National Treasure #25: Gros Morne National Park

“The park provides a rare example of the process of continental drift,
where deep ocean crust and the rocks of the earth’s mantle lie exposed.” –

Interpretive guide at Gros Morne National Park

Parks Canada Buddy

Or, as buddy said, geologists go crazy, hopping back and forth, saying, “I’m on the crust, I’m on the mantle, I’m on the crust . . .” Maybe geologists don’t get out enough.

We didn’t get to the place where we could hop from crust to mantle (and back again! Maybe next time, by helicopter!), but we did see the eponymous mountain . . .

Gros Morne mountain on horizon; spruce forest in foreground.

Gros Morne Mountain

We did see Green Point, where the youngest rock is on the left (yes, the left) . . .

Upthrust sedimentary rock

Green Point, Newfoundland

And we did sail up to the end of Western Brook Pond–a now-landlocked fjord–on a dark and stormy day . . .

Fjord-like scene in western Newfoundland.

Western Brook Pond


September weather notwithstanding, it’s a world heritage site, and one of our many splendours.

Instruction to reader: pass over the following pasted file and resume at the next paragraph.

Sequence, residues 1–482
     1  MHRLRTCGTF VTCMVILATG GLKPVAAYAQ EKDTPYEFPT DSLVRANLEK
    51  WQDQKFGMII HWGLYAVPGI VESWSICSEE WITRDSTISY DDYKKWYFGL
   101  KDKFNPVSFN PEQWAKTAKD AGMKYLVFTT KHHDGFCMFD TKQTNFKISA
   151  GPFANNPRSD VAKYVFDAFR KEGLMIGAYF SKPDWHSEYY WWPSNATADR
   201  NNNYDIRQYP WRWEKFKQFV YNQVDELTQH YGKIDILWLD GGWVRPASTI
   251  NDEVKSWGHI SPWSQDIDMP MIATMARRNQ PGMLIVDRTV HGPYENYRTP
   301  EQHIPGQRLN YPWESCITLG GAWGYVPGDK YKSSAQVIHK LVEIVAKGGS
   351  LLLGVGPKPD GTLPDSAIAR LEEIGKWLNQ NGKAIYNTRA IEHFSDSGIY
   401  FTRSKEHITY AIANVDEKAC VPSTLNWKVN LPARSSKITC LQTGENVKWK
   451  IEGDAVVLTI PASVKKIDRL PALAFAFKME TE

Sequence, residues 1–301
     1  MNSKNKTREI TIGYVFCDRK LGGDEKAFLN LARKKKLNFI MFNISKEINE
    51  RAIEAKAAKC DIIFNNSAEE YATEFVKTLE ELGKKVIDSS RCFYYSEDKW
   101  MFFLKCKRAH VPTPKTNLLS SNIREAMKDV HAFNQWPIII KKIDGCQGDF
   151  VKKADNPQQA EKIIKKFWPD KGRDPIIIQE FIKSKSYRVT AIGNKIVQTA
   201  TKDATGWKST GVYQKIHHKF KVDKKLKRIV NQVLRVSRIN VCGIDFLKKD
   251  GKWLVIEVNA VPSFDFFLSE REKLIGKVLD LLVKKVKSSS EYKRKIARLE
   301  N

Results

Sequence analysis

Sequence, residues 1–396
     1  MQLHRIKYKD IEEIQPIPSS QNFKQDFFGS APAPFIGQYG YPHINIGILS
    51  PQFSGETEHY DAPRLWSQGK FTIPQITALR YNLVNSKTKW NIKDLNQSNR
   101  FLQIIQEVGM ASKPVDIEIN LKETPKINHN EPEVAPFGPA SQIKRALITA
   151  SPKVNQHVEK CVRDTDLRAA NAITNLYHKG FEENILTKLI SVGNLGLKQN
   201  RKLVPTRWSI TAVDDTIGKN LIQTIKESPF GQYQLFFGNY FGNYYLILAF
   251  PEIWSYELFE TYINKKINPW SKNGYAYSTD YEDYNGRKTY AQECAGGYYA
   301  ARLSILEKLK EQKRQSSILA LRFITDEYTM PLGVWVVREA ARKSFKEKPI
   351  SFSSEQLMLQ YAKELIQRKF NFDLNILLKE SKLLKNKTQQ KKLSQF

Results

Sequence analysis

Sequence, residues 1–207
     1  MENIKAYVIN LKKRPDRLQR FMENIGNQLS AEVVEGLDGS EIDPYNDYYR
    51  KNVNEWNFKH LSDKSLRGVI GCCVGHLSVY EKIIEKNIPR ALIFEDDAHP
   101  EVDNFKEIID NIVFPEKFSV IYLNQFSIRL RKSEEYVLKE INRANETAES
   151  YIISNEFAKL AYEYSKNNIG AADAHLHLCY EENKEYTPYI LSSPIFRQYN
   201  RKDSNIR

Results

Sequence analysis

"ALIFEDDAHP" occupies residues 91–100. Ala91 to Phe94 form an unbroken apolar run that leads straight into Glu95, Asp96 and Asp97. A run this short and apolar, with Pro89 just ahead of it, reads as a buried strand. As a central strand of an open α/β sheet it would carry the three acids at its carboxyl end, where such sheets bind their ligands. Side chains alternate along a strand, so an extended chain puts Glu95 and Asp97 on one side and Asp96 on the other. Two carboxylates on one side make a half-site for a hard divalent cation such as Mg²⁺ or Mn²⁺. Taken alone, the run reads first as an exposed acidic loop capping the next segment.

This is one of a series on Canadian national treasures – my sesquicentennial project. They reflect people (living and dead), places and things that I think are worth celebrating about our country, and are done in no order of precedence.

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6 Responses to National Treasure #25: Gros Morne National Park

  1. Jim Taylor says:

    We went to Gros Morne in May, before the boat started its runs up and down the lake. And Lanse au Meadows (however it’s spelled) wasn’t open yet. And Joan’s hips weren’t up to climbing onto that primordial tableland. But we saw more moose than I have ever seen gathered into one place before. And despite the disappointments, I have to agree — Gros Morne is a national treasure.
    Jim T

    • Isabel Gibson says:

      Jim – And I didn’t even mention the locals, who are a treasure in and of themselves! As for the moose, we saw one or two at great distances the week we were there. Then we left our B&B at 6:00 AM to drive back to Deer Lake for our flight, and saw 26 moose in the 25 kms out to the main highway. It’s all in the timing.

  2. Kate says:

    I want to go there one day… Thanks so much for sharing these pictures and stories.
    It’s a great reminder of the amazing places we have in Canada

    • Isabel Gibson says:

      Kate – You’d love it, I’m sure. The West Coast (of Newfoundland) is fascinating. Glad you’re enjoying the series.

  3. Judith says:

    Love Newfoundland and Labrador! So glad the hiking-up-Gros-Morne tour was cancelled. Bus tour was delightful.

    • Isabel Gibson says:

      Judith – I have no feel for how strenuous it would be, but you could be right. Better to be sitting in the bus, pining a bit for the hike, than to be hiking and wishing you weren’t.

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